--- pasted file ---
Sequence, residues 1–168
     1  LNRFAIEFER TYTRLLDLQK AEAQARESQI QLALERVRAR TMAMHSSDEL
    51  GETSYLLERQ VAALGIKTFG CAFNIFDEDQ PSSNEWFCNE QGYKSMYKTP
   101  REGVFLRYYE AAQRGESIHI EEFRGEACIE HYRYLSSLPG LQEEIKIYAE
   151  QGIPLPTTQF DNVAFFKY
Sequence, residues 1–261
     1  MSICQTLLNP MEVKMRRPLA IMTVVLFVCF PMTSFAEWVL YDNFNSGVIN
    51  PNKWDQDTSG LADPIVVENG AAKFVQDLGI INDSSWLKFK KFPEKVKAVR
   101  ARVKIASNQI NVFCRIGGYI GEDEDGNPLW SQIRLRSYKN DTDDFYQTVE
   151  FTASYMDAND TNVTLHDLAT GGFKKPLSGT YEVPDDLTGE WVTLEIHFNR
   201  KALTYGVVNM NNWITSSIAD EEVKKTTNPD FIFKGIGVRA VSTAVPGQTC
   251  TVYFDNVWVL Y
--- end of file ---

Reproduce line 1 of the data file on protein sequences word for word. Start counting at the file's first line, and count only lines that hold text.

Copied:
Sequence, residues 1–168